Are we in media denial?

Does the Israeli media send out subconscious messages about what it 'should' feel like to be Israeli?

media book88 and298 (photo credit: )
media book88 and298
(photo credit: )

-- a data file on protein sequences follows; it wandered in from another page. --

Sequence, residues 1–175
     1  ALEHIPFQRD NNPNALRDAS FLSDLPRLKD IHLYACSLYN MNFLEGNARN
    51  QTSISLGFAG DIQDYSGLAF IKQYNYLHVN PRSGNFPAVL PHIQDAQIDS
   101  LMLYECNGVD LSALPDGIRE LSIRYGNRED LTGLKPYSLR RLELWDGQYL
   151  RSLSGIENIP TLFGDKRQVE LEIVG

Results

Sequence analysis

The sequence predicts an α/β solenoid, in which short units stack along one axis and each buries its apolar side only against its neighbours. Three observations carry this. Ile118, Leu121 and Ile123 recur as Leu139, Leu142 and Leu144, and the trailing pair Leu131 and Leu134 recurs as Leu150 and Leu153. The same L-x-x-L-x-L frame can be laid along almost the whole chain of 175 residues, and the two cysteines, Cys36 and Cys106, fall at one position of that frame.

The Suppression of Guilt: The Israeli Media & the Reoccupation of the West Bank By Daniel Dor Pluto Press 128pp., $19.95 Daniel Dor, who currently teaches in the Department of Communication at Tel Aviv University, used to be a journalist. He was senior editor at Yediot Aharonot and the right-leaning Ma'ariv. But he claims his book, The Suppression of Guilt; The Israeli Media & the Reoccupation of the West Bank , is decidedly non-partisan. Rather, it is a critical study of Israel's leading newspapers and news channels during the previous intifada. Far from being reactionary, the book walks a razor-thin middle ground that is fraught with complexity: an acknowledgement of Jewish victim-hood as well as of Israeli atrocities. In only 106 pages, Dor accomplishes a nearly impossible task. With a sober, academic approach, he cuts through the emotional fuzz that distorts the news, and lays bare the collective fears at the root of the Israeli media's biases and self-censorship. Specifically, he deals with the issue of guilt. What Noam Chomsky (who is generously quoted in this book) did for the media in the US, Dor does for Israel. He analyzes the country's collective consciousness, seeking out the inherent subconscious messages. Dor starts from the assumption that objective journalism is impossible. This frees him to analyze the media's biases - where do they come from? For whom do they exist? If societies are like families, Dor argues, the media represent the "symbolic mediation" between individuals and their social groups. The media do more than just report the news; they make subtle "assertions about what it should feel like to be Israeli" - making them a form of peer pressure. Dor's background as a journalist is apparent in disarmingly sober phrases that would sound belligerent from a more reactionary writer: "Obsessed as they are with the discourse of guilt, the Israeli media effectively prevents Israeli society from developing a discourse of responsibility. "In reality, the Palestinians are under Israeli occupation and not the other way around....What all the media project... is a pungent sense of insult (added to the injury of terror), a sense that the entire world directly blames us, the people, for things we are not guilty of." Dor's dissection of the media is at times ruthless. Ma'ariv is a "partisan newspaper in the simplest sense of the word." Ha'aretz is the flagship newspaper of the "confused left." And Yediot Aharonot has an "urge to provide Israelis with a defense mechanism against guilt." But Dor's critiques are also tinged with compassion. As an Israeli and former journalist who continues to live through the conflict, he has an insider's perspective. This gives his opinions weight. Dor analyzes the placement of stories in the media. He points out examples of headlines contradicting reports. He deconstructs the visual cues and messages in the layout of the news. He points out what should be blindingly obvious to all but often is not - that critical news is generally in the inside or back pages in newspapers, or at the end of news shows. He also points out that Palestinian-sympathizing writers like Amira Hass are utilized as token anomalies. In this concise book, Dor takes your hand and shows you that you haven't been seeing the forest for the trees. The crux of this book is in the title itself: the suppression of guilt in the Israeli media. Dor doesn't judge this form of collective denial. He doesn't excuse it either. "Guilt [is] a threatening sensation," he writes. "And the source of the threat, the blaming entity, can be detected on almost every page, in almost every edition." These are not media obsessed with propaganda. But they do reflect a society ravaged by the complexities of war. Reading this book is like a good session on a therapist's couch, with Dor patiently exposing the media's - and the news consumers' - defense mechanisms.